While the exact tha
beda can not be determined just
at thia time, it ia believed that the
early tramplanting period predict
ed several weeks ago will be great
ly delayed in the aection thia year
a* ja result of the cold wave.
Storage Barn Wrecked and
Residence Burned On
Hamilton Road
The local fire company was* called
out twice last Saturday, answering the
first call at 1:30 that morning, when
a storage barn of Mr. S. C. Griffin in
New Town caught fire, and the sec-,
ond late that night when the six-room
house of Mr. Bruce Chesson was
burned on the Hamilton road.
When the first fire was discovered,
the entire roof of the barn Was blar
ing, and the volunteer firemen found
it difficult 'to bring the flames under
control. Of unknown origin, the fire
burned rapidly the large amount of
loose and baled hay in the barn loft
apd threatened near-by buildings. Aft
er throwing water on the conflagra
tion for more than an hour, the fire
was under control, considerable dam
age resulting to the loft contents and
the roof of the building. The foun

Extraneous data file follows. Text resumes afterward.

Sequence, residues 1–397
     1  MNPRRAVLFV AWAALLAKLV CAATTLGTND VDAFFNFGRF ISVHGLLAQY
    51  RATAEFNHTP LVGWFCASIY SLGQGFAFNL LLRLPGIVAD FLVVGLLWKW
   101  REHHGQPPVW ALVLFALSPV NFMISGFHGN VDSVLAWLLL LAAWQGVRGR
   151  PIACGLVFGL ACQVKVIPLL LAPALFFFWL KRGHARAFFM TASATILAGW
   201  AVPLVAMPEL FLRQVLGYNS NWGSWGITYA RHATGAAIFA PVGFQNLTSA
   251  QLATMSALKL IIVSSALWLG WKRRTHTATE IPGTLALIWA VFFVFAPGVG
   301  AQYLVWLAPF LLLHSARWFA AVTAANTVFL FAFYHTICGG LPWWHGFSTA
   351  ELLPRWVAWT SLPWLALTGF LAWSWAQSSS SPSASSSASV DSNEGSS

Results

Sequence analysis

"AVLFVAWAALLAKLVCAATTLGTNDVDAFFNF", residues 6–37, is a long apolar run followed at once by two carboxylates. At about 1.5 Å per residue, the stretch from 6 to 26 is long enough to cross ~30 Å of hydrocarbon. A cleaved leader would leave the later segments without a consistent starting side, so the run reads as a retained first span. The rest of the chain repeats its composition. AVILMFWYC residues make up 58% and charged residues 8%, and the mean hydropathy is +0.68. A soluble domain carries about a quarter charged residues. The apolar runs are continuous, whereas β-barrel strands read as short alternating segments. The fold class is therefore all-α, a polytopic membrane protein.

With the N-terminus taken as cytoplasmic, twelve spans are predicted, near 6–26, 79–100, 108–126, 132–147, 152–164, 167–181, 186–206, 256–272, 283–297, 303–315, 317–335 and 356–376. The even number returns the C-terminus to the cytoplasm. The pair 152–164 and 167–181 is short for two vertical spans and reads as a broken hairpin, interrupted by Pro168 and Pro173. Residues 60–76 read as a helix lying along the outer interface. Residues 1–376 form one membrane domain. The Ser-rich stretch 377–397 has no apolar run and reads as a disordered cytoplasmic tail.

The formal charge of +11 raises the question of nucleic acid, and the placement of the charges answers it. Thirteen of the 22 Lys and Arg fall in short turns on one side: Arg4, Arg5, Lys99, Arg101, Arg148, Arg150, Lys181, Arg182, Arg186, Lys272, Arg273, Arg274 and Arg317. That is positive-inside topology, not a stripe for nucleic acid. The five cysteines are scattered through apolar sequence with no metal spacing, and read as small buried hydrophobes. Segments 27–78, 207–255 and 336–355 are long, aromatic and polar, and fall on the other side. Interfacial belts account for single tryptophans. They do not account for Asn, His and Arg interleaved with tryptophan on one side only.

dation and standing timbers were dam
aged but little. No insurance was car
ried on the building.
The Chesson house fire, also of un
known origin, had gained much head
way when first discovered, anjl the fire
company, with no water mains near,
-was unthle to check the flames. Truck
hose was used on near-by building*
and some water was carried in buckets
to roofa of neighboring homes, and
the blaae was confined to the one
house and a small garage.
Mr. Chesson stated that the loss was
partially covered by insurance.
The Pace family, dwellers in the
house during the past five months, had
just moved away that afternoon, and
no one was seen near the house late
in the day. 
Over in Halifax County, five mule*
belonging to Mr. Enoch Cherry, were
hilled when the stables they
(ell before the wind. A sixth animal
was badly injured in |
Damage to fishing nets along the
coast was estimated at a quarter of ,
a million dollars and heavy losses |
wefe "sustained by merchants at Man- '
teo when the water flooded their I
stores. The Nags Head highway wa«
damaged $150,000, it was estimated. ,
Operation of Schoola Dur-~
ing Seventh Month I*
Now A Certainty
T- - ♦
The operation of all Martin County
extended term schools .are assured of
the seventh month, and the eighth
month is virtually certain in all but
one or two district*, the chairman of
the county board of education said
yesterday afternoon following a meet
ing of that bofy. Some of the dis
tricts are within SIOO or lest of the
goal to be reached in tax collections
to assure the operation of the extend
ed term.
One or two-of the districts laboring
under overdrafts created last term
will have to struggle CQ continue the
last /Ronth. However, the county
board wis very pleased with the out
look for the successful operation of
all the schools the full term.
Strong Wind Reported in